to fight. keep fighting. >> out of options michael's doctors tried remdesivir topped with a cheap steroid for inflammation. >> you have a patient dying not just from the infection, but their body's response. >> i know they saved my life. within 24 hours of getting the steroids after the other drug i showed improvement. i stabilized. >> recent clinical trials showed remdesivir can shorten the length of the disease and might save lives. hhs was sending free remdesivir directly to hospitals, but critics say hhs data isn't keeping pace with surging cases. >> the federal government should be making sure we're moving the supplies necessary to treat patients in the hospitals in those states. it's not clear that those distribution mechanisms are in place.
>> hospitals in hot spot states tell nbc news they're low on the life-saving drug. >> by friday we may not have anymore. >> the government's supply of remdesivir will run out by december, if not sooner, and the price tag is about to go up. >> we just can't trust drug companies not to try and profiteer on this pandemic. >> doctors fear patients today won't be able to access one of the only drugs with evidence behind it. >> it's not fair to a patient or the patient's family to think about those things when their loved one's life is on the life. >> chris, what we're finding out is some systems in florida are running out at the end of the week. this seems to be going on and on. some states have it. could be putting it to other states. distribution is an issue. i can tell you that can become extremely frustrating. >> i can only imagine. lives on the line. dr. john torres, thank you.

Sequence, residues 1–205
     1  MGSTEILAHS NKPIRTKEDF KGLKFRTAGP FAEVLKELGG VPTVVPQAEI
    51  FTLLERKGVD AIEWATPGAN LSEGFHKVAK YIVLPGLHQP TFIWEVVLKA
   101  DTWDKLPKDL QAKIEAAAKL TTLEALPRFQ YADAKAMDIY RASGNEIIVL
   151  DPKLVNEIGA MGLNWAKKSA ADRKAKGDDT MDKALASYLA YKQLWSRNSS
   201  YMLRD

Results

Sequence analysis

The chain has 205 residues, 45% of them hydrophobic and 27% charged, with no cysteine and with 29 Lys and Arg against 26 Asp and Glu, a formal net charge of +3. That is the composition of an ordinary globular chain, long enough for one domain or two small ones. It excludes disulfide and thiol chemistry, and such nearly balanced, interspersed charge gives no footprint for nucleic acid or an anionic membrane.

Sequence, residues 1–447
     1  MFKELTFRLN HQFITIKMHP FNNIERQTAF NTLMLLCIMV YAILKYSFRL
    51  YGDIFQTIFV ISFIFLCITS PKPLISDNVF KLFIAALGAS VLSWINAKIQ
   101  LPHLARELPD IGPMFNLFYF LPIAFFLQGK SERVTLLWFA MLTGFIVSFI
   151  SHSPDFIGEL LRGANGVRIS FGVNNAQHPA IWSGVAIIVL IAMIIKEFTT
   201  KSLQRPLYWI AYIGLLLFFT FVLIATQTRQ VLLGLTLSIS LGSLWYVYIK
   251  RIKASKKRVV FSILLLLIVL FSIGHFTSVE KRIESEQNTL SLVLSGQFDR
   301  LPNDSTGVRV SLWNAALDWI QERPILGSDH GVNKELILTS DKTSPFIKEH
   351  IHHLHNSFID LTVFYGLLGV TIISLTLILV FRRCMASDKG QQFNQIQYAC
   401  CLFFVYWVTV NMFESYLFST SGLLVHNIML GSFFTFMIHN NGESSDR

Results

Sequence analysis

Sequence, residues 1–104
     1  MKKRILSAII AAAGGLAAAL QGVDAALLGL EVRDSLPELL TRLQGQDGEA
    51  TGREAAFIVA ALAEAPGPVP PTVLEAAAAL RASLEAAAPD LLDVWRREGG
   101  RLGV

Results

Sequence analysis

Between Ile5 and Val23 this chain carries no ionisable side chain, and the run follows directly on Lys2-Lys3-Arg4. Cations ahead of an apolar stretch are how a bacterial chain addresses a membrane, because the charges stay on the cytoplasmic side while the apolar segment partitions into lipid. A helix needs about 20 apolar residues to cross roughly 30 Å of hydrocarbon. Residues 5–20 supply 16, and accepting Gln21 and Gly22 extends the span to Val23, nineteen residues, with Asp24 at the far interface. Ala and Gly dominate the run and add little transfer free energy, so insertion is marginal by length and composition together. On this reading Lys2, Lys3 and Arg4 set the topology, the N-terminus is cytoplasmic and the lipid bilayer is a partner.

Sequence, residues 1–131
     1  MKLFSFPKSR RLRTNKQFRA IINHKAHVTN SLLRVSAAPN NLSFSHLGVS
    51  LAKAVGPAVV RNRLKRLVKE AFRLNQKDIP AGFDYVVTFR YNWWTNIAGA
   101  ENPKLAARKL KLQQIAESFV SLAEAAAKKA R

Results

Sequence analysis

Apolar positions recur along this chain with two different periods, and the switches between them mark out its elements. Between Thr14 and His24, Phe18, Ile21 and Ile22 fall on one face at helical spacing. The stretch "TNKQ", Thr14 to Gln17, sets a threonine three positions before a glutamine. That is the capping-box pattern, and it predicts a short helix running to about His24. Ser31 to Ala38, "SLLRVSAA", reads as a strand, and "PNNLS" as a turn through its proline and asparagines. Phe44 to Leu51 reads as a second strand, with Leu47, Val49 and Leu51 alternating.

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florida reporting nearly 14,000 new cases, a record 156 deaths just yesterday. the nationwide death toll is approaching the 139,000. the nbc news medical unit tells us 41 states have seen an increase in infections in just two weeks. president trump and dr. anthony fauci, the nation's top infectious disease expert, spoke yesterday for the first time in several weeks. their discussion comes as white house officials try to discredit dr. fauci. information on hospital bed availability in the u.s. has disappeared from the cdc website one day after control of that data was shifted to the health and human services department.